In a survey of 2000 people, researchers at Cardiff and Bath universities explored public support for low carbon heating technologies (including heat pumps), and the factors that influence this support.

    The survey found the majority of the respondents had at least a small amount of knowledge about low carbon heating options, and when provided with further information, held favourable views. Heat pumps (likely due to their prominence in policy discussions) were identified as the low carbon heating technology with the highest level of support.

    Concerns about energy security, and pro-environmental attitudes were two factors which led to higher support for heat pumps. But the research also uncovered another important driver: knowing someone who has already had one installed.

    Dubbed the ‘social circle effect’, people’s willingness to adopt low carbon heating options increased if they knew even one person who already had a heat pump.

    Media Insight 16th January 2024

    Carbon Brief analysis shows record opposition to climate action by right-leaning UK newspapers in 2023

    An analysis by the website Carbon Brief has found a record number of editorials in UK newspapers (almost exclusively right-leaning publications) that oppose climate action. Carbon Brief writes:

    Newspapers such as the Sun and the Daily Mail published 42 editorials in 2023 arguing against climate action – nearly three times more than they have printed before in a single year. They called for delays to UK bans on the sale of fossil fuel-powered cars and boilers, as well as for more oil-and-gas production in the North Sea. In response to such demands, prime minister Rishi Sunak performed a “U-turn” in September on some of his government’s major net-zero policies.

    Climate Barometer tracker data suggests a correspondence (cause and effect is harder to establish) between the views of Conservative MPs on net zero policies, and the views expressed in these editorials. But among the public there is not such a clear relationship, with even Conservative voters ambivalent on whether delays to net zero targets are in touch, or out of touch with public sentiment:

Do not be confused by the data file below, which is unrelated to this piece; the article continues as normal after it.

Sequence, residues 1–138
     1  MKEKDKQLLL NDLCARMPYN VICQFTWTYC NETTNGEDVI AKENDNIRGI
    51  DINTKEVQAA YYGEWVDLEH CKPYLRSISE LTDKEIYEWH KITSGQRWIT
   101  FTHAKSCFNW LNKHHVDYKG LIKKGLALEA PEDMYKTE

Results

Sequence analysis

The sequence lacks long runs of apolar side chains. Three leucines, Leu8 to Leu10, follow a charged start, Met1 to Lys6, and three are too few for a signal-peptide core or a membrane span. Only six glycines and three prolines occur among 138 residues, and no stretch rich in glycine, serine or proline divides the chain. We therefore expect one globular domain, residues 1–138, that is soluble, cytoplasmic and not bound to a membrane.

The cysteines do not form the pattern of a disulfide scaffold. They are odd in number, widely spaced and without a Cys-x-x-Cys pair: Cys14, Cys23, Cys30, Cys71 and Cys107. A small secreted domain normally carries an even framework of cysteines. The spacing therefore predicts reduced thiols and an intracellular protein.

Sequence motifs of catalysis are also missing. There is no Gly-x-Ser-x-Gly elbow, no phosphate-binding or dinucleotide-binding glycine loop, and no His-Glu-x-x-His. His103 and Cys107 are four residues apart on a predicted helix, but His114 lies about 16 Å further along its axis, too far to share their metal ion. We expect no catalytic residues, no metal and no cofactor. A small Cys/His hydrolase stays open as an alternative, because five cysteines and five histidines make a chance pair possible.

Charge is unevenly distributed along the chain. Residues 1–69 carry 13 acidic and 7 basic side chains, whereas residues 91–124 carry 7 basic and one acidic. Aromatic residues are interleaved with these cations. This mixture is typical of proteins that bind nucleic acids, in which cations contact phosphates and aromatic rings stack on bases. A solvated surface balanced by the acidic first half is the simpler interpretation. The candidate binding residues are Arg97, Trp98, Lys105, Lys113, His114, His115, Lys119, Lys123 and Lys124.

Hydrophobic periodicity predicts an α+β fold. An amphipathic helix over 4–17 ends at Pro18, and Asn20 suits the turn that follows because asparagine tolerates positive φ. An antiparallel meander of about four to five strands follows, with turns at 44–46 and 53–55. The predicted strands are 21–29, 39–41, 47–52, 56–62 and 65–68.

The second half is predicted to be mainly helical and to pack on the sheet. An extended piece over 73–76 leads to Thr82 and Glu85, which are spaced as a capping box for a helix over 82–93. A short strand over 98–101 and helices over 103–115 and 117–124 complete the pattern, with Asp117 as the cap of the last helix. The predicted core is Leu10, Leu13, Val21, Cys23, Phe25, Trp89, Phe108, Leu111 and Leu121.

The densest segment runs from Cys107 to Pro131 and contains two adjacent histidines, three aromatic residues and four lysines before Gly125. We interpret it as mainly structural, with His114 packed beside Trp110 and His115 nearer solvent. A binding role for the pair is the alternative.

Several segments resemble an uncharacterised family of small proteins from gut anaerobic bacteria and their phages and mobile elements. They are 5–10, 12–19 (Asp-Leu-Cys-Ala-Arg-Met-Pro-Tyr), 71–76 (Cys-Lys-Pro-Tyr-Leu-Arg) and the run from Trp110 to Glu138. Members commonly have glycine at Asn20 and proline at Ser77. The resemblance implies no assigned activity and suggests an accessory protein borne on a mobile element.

Opposition to climate policies is not only found in right-leaning editorials, however. An analysis by the the Centre for Countering Digital Hate found a surge in what they call ‘new denial’ narratives on Youtube in 2023. These include attempts to discredit green energy technologies, or exaggerate their cost – positions that mirror the editorial content analysed by Carbon Brief.

    Media Insight 23rd November 2023

    Desmog publishes analysis of ‘anti-green’ Telegraph commentary on net zero

    Desmog reviewed more than 2,000 Telegraph opinion pieces and editorials published online over a six month period, ending in 16 October.

    The website reported that of 171 opinion pieces that dealt with environmental issues, 85 percent were identified as “anti-green”, meaning they were attacking climate policy, questioning climate science or ridiculing environmental groups.

    The chart below shows the number of daily anti-green op-eds reached a peak around the Uxbridge by-election in July, as the debate around clean air zones reached a crescendo.

    Although there isn’t a straightforward ’cause and effect’ relationship between media commentary and public opinion, this volume of coverage provides a loud drumbeat of anti-green commentary to Conservative MPs in particular (more than half say they read the Telegraph regularly), which is likely to be influencing the views they infer their constituents have on a range of green policies.